We are on the road from our campsite near Bathurst Heads. This is not a place for people. It is a place for termites, mosquitoes and crocodiles – and decaying old carcasses of trucks.
Beryl walks out of the campsite in the heat. I wonder at her bravery to walk among the swamps and billabongs, crocodile habitat.
Despite the desolate landscape, we come upon occasional wild beauty. White water lilies shimmer on dark lagoons. A wild horse watches us as he drinks, then turns away. A horned bull stands and stares, daring us to come closer. Flocks of black cockatoos perch on the scrubby trees. There’s life in the scrub around us.
We turn towards Weipa at Kalpower campground. The Peninsula Development Road is red, full of corrugations, but light rain damps down the dust thrown up as we drive along. The roadsides are green with fresh new growth, grasses and eucalypts. Flat sided magnetic ant hills stand high, buttresses built to point to north. Tall striped grasses wave in the wind.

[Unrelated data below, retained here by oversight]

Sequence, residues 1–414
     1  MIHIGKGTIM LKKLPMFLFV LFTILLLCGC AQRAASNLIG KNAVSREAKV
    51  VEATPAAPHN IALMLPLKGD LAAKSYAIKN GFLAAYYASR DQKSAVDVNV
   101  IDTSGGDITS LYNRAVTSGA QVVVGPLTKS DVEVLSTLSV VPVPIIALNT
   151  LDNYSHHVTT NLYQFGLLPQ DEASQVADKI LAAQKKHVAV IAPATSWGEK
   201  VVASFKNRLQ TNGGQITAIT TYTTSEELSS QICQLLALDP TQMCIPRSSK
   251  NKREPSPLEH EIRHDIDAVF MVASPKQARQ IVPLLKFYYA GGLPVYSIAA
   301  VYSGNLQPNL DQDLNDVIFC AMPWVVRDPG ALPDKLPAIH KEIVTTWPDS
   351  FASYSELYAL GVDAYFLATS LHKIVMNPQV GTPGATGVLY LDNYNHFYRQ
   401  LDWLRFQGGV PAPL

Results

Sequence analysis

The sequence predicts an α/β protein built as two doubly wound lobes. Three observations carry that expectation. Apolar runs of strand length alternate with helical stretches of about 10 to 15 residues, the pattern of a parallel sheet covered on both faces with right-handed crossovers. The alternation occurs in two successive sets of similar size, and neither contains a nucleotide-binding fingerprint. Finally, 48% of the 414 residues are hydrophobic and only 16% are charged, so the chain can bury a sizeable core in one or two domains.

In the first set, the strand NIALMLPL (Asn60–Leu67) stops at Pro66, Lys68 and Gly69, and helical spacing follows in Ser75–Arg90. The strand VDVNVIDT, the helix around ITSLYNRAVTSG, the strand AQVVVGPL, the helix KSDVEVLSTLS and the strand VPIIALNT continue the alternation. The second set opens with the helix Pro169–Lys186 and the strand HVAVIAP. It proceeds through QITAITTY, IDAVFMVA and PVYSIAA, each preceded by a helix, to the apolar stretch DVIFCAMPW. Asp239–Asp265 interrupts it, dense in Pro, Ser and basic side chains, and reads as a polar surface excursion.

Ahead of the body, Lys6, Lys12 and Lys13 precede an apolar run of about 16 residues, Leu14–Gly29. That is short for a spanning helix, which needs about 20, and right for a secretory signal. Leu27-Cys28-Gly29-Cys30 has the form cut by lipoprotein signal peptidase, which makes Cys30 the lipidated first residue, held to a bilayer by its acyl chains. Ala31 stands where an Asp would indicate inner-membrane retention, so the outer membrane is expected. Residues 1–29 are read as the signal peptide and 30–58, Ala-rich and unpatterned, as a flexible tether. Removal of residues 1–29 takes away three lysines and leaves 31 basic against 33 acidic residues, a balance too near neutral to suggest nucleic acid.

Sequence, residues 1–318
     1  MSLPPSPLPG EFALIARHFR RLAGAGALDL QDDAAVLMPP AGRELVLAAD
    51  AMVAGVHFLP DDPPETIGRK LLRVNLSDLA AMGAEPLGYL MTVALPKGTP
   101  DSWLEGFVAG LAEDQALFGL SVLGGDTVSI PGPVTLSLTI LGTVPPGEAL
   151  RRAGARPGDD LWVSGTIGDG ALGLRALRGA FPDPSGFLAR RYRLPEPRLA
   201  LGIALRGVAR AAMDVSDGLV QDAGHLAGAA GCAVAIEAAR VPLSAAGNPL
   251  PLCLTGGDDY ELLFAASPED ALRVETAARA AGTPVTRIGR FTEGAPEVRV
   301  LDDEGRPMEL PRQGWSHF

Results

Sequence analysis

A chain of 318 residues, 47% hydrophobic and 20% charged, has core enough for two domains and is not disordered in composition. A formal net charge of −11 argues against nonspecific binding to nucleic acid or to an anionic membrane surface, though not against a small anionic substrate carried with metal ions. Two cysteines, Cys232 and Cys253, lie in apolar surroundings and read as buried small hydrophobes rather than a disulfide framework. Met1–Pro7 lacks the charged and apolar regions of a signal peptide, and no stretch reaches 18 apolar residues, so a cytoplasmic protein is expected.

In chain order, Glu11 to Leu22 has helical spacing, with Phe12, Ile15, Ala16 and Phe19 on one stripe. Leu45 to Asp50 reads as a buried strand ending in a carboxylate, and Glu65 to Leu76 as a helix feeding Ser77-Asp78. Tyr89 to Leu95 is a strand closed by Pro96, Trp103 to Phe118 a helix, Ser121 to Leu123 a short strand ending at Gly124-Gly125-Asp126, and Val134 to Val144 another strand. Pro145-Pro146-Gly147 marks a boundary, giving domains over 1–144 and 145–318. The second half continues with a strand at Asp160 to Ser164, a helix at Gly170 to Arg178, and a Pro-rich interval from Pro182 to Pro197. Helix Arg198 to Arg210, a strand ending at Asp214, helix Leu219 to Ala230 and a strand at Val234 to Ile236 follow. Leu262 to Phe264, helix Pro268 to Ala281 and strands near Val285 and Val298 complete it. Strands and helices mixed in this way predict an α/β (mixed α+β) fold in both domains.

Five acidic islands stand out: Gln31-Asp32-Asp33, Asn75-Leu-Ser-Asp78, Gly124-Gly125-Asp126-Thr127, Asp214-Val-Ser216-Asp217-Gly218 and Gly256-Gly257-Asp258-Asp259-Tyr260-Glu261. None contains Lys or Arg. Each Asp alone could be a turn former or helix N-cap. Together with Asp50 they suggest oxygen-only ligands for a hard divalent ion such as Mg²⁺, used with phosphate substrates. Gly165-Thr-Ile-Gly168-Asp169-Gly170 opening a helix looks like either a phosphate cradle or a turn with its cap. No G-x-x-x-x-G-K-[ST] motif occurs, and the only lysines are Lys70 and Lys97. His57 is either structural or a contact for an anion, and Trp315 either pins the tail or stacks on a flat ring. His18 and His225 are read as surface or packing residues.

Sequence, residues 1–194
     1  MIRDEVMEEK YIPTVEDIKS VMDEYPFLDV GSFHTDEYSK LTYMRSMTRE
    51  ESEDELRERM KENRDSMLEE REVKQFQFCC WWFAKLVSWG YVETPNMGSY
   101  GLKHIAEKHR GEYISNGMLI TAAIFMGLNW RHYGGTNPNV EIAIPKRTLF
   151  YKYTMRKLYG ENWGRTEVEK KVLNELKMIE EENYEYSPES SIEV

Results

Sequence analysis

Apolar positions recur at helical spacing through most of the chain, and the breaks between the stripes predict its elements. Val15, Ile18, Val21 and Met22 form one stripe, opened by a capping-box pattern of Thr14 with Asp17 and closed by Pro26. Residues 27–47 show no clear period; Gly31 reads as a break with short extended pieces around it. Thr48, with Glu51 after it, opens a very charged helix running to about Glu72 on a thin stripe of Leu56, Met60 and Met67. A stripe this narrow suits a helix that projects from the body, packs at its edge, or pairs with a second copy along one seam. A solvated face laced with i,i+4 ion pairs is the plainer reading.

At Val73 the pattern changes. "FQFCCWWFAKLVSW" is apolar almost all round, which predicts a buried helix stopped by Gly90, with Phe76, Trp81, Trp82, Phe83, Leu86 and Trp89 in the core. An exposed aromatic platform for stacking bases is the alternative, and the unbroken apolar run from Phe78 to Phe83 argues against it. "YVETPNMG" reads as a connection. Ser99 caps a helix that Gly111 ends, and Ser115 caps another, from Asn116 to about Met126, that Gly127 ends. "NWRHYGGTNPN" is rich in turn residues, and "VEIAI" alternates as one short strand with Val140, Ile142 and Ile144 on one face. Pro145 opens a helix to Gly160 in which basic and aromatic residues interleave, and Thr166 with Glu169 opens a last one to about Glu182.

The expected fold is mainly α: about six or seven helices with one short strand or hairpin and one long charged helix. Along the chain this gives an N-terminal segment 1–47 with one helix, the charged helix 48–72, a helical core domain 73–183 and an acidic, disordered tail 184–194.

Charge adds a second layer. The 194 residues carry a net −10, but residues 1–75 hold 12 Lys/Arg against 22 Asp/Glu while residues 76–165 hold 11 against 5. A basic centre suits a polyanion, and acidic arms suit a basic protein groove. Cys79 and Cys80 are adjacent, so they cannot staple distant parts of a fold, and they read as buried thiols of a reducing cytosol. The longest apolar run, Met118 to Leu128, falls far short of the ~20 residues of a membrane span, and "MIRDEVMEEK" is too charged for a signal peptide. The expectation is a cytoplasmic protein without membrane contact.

The road to Weipa is plagued by racing caravans, eager to book the last site at the caravan park. They overtake on blind bends in clouds of red dust.
We are lucky to find enough sites free at the campsite when we arrive and we settle in. Suzanne makes friends among the locals and is soon the newest member of the Weipa golf club. This exalted position brings privileges. She signs us all into the golf club for dinner and dancing, the best night in town. It’s a hike from the caravan park and Suzanne once again comes up trumps. She’s a hit with the local taxi driver, Steve, 59, and we travel by taxi bus to our evening out.
We dance the night away to seventies disco, night fever, hot stuff, Jive talkin, nut bush city limits. Heather and Max hit the dance floor rock and rolling to greased lightning. Through the evening, Suzanne sprays us with her magic mist, kept in a bottle at her side. Is it a secret recipe to keep mozzies at bay, or love potion number nine?
Weipa is a hit with us, and we are a hit with Weipa. As we leave a local says, “Don’t go. Youse was our excitement.”